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And fluttering flags, and lances tremulous As brook-side reeds with the impetuous haste Of those who bore them—castled beasts of war Swayed like huge galleons when upon the flood Of some wide arm of sea they cross the bar. First on the plain, the swarthy cavalry Beat a rude rhythm on the trampled turf, And shrilled their trumpets. High King Daher rode

Upon his mail-cased elephant that clanged Its armour-plates at every swinging stride. So down the Hindu on the Moslem drave. Then rose and roared the din of battle, rolled Far up among the echoes of the hills Reverberant, that woke the wolf, and roused The tiger in his lair—who crouched and whined To think it distant thunder. At the first The rush of Indian warriors, fierce and strong, Bare down the hosts of Islam till their line Wavered, and giving backward, in the midst Bulged just to breaking. This when Kasim saw—
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The General of Khalif Waled’s force— He spurred his fiery Arab to the point, And hurled himself and his true body guard So fiercely into battle that the foe, Weakened by his own loose advance, was checked— Was stayed at first—then stopt—then turned to rout, And driven backward on the morning’s lines. So have you seen the long Atlantic wave Against a cliff, upright, deep-rooted, tall, Fling its white force in thunder, mounting up Swift toward the crest, then, failing, backward fall In mist and driving foam-flakes to the base.

Not long delayed the Moslem to regain The yielded vantage, and with Hindu blood Purpled each step of the recovered ground. Hushed were the shouts. The clash alone of arms, And hissing rain of arrows, mixed with groans, Reached now the ears of listening Oomerkote: For teeth were clenched and blows in silence dealt, And cry for quarter none. Each foot of soil Was fiercely battled for, with life for life, As though it were the Empire of the East.
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So all day long, while up the steep of Heaven The hot sun climbed, until his downward wheel Glowed to the westward, doubtful warfare raged.

Foremost in danger, bold King Daher strave To turn the wavering fortune of the fray. Where’er the foe upon his ranks brake in Or pressed his legions backward—there his voice Rang like a clarion. Then the coward turned And faced the foe again, and valiant men Vied with the king in onset. But a cry “Daher is slaughtered !” ran along the line That wavered as it heard—as you may note By nodding grasses where a noisome snake Slides from his sunny basking-place to hide. For, lo ! a crafty arrow smote the king Between the corselet and the hood of mail And buried in his throat its venomed barb. Then from his beast in death-throes Daher fell Headlong among the fighting-men—and lay Unknown and trampled in the panic flight

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Which followed on his fall. Yet some there were Still faithful found, forgetful of themselves, Who gathered round the king and bare him back, Hoping where hope was none—until they saw A smile upon his face begin to grow; And then they knew him dead : and looking found The whole vast army, which the morn beheld Mass upon mass roll down from Oomerkote, Now driving scattered o’er the shameful field Like the last clouds—ragged and ruddy-stained— That fly across the heavens along the track Of some o’er-spent and broken summer storm. Then hastily they scooped a shallow grave Within the trampled oozy ground, and hid The kingly corse—and fled. But there was one, A wounded Moslem lying by the road, Who saw the deed; and when young Kasim pasted The dying soldier caught his stirrup—called The General to halt, and showed the place Where the retreating Hindus had bestowed The corse of one they honoured. The pursuit Was stayed—the hasty grave was oped in haste; And Kasim looked upon the dead man’s face,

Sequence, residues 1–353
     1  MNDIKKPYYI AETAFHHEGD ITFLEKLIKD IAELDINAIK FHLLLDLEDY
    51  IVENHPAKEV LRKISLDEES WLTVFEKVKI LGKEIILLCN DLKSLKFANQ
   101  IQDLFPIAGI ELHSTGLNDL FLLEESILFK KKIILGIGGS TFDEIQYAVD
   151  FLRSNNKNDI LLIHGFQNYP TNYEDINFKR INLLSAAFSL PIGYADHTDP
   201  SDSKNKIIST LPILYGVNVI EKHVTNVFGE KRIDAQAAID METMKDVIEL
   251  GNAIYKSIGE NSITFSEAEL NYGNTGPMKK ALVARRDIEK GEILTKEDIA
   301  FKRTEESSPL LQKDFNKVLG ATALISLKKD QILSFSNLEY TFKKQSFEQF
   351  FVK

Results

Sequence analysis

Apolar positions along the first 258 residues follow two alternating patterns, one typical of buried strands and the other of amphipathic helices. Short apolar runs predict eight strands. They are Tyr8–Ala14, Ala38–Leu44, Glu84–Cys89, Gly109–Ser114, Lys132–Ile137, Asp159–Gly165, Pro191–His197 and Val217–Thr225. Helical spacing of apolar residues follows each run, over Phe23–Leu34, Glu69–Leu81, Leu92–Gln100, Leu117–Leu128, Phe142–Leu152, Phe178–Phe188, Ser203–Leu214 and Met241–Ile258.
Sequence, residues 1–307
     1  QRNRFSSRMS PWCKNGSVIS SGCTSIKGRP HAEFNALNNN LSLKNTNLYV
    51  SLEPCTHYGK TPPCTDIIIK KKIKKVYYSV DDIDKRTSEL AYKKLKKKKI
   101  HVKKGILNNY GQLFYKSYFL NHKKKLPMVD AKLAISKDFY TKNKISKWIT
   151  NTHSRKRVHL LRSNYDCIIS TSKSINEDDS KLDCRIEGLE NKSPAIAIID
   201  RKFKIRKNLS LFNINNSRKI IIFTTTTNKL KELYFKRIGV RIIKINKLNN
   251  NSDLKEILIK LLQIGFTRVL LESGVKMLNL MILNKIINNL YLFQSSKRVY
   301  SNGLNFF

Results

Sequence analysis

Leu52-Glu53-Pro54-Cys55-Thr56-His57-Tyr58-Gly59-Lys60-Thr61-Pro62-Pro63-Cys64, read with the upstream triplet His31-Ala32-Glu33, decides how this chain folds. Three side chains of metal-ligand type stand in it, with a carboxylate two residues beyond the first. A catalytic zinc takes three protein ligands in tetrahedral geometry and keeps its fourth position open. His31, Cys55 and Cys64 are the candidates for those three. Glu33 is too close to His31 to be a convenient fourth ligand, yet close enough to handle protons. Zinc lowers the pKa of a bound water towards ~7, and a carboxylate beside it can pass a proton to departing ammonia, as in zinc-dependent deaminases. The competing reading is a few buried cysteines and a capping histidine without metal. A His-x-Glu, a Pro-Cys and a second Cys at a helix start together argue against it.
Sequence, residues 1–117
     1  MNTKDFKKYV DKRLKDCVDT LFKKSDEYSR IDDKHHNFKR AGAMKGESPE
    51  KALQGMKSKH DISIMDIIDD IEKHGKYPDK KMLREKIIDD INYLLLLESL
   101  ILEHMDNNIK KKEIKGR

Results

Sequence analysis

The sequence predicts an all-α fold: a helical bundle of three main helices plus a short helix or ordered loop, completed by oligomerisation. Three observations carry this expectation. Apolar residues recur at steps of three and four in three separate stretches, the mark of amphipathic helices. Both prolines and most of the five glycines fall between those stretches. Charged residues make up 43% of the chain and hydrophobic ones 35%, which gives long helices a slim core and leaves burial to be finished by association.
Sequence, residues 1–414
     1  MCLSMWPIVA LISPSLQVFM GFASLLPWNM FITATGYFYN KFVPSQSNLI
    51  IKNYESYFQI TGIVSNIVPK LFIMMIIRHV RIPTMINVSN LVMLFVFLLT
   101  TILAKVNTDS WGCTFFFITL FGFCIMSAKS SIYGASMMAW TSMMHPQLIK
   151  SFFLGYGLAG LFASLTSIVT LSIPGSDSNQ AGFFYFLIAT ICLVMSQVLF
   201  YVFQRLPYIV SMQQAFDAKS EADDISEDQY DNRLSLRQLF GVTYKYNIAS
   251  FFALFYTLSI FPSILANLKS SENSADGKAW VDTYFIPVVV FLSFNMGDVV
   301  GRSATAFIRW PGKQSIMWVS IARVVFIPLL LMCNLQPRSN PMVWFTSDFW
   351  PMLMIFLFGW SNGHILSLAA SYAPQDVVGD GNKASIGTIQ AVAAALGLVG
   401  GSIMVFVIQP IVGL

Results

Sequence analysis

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And knew the clay that once had been a king. Meanwhile the sun, a fiery shield, was quenched In russet mists along the horizon’s edge. Above his lingering gold a single star Stood sudden forth—like pardon o’er the couch Of dying penitent—companioned soon, As darkness deepened all the vault of blue, By brother lamps, slow growing into sight. All night in Oomerkote the women wailed. The Moslem sentry on the battle field, Where dying men groaned to the shivering gale, Heard the sad song they sang. It rose and sank Through all the long hours of the weary watch And made night doubly lonely. This they sang: “Oh, Indus ! Tell the Sea to which you flow— And Ocean to the holy Ganges tell The burden of our sorrow. Moan ! moan ! moan ! Daher the king is dead—is dead—is dead !” The cadence floated o’er the river’s breast And sighed among the gorges in the hills, Till echoes murmured back “is dead—is dead !” “Oh, Indus ! By your banks he lies alone—

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Bear down his corse to Ocean. Ocean bear His corse to holy Ganges. Moan ! moan ! moan ! Daher the king is dead—is dead—is dead !”